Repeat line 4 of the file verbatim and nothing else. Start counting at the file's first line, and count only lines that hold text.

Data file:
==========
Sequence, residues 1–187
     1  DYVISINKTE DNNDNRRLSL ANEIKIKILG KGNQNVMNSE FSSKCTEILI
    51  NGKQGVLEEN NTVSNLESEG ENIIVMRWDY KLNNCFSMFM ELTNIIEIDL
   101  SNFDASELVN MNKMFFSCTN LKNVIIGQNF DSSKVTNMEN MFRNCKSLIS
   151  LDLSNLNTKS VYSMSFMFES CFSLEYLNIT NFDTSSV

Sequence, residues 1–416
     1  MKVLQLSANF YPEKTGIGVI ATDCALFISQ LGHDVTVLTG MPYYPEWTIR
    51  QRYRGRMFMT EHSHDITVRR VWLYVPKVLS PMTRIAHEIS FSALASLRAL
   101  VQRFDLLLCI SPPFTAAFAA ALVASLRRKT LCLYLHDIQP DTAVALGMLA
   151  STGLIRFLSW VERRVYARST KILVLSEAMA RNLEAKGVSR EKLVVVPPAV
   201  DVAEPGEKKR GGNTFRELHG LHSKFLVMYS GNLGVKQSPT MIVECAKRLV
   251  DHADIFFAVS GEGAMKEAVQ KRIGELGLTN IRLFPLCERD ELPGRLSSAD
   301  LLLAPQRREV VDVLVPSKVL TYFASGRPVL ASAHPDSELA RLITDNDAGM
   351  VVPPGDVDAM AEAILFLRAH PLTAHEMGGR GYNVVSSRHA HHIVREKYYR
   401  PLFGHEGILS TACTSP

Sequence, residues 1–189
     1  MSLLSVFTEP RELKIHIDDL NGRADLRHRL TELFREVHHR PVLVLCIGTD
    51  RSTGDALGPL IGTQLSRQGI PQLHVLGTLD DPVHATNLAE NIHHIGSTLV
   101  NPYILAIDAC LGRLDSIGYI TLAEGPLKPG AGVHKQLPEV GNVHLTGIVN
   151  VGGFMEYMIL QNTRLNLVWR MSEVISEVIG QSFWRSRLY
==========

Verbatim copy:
   101  SNFDASELVN MNKMFFSCTN LKNVIIGQNF DSSKVTNMEN MFRNCKSLIS